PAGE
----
In 1545/6 Titian painted another portrait of the Pope with his ‘nephews’ (probably grandsons ) in which the Pope looks more brow beaten. This painting was unfinished but still shows how he achieved the amazing colour and texture of the cape. It also shows Titian’s skill at using psychological interpretation  in the manner and positioning of the  nephews and the Pope himself.(in Capodimonte  Naples)

Michelangelo and Titian met and although Michelangelo expressed admiration to Titian for his work ,afterwards he said to Vasari that he liked his colour but not the ‘dessina’ in his paintings.

Charles V had increasingly become concerned that because he was so rich he would not enter heaven so in 1555 he entered a monastery but surrounded himself with Titian’s paintings.

In 1551 Charles V died gazing at Titian’s painting ‘The Gloria’ which Charles had commissioned

(in Prado)

Phillip II who was the son of Charles V became Titian’s patron and Titian spent the rest of his life working on the mythological but rather rather pornographic paintings for Phillip, which he called Poesie. These can be seen  in  a variety  of  museums  around  the world   including  one in the Fitzwilliam Gallery  in  Cambridge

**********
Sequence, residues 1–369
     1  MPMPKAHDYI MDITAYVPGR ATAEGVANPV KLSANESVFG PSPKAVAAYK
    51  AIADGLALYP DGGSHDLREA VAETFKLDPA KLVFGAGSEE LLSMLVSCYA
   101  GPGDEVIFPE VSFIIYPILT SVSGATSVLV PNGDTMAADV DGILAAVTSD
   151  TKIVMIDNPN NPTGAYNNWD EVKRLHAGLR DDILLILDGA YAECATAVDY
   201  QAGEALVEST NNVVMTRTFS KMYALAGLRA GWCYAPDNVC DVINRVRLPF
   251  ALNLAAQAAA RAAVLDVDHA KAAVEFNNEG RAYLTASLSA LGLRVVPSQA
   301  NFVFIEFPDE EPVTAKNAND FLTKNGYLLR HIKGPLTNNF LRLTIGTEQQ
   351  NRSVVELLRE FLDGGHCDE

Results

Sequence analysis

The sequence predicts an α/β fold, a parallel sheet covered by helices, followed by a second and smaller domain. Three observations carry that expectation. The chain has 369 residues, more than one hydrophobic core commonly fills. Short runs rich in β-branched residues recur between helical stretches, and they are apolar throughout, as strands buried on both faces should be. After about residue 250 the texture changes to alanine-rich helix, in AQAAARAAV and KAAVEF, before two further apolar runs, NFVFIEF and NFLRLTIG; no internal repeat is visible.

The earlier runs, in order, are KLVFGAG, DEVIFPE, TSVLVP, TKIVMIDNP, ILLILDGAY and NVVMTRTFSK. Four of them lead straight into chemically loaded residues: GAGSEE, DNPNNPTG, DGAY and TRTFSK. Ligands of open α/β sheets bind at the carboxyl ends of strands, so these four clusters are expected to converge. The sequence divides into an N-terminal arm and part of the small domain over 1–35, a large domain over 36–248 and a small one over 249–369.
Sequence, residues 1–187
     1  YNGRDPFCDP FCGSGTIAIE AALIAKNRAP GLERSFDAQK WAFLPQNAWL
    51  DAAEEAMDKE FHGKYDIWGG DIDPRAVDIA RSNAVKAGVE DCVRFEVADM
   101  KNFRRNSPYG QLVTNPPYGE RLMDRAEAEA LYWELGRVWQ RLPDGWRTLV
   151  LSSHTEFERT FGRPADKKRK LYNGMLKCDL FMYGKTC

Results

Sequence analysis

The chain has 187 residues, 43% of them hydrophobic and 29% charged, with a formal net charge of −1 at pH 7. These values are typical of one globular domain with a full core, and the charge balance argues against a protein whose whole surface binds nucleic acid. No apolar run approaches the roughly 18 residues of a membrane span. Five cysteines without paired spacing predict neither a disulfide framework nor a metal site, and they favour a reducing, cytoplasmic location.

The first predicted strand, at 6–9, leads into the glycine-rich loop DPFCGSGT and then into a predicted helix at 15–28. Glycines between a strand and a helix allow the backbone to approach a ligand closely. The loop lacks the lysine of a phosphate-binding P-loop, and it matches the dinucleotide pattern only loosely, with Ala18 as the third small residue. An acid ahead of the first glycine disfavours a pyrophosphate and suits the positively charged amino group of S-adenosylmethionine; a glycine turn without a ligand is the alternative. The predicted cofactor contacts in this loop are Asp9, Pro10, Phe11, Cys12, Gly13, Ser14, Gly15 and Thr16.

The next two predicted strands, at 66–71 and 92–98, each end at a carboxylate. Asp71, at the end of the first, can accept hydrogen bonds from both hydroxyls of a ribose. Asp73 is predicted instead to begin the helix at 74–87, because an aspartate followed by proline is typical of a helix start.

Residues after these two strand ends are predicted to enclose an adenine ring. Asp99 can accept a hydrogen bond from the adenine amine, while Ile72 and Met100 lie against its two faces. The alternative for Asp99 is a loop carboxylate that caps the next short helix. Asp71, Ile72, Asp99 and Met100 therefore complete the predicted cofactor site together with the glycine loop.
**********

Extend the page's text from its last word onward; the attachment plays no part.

Evidence that Titian changed the figures directly on the canvas is shown in ‘Shepherd and Nymph’ (1570) where the shepherd has three hands!

Pieta by Titian (1570) (Venice) was unfinished as he died before it was completed. It was finished by a pupil. It was the picture Titian wanted hanging above his grave, but this never happened. Titian died of the plague and yet was buried in Ferrari – (the bodies of people who died of the plague were usually burned ) This was quite amazing and showed the status that Titian achieved – he had been raised  to the aristocracy.

Douglas ended this fascinating talk explaining how with the death of Titian it was the end of an era. And that without Titian the whole course of the history of art would have been so very different.

It was indeed a wonderful hour spent learning about and appreciating the skills of Titian. I for one will certainly look with renewed enthusiasm at Titian’s work.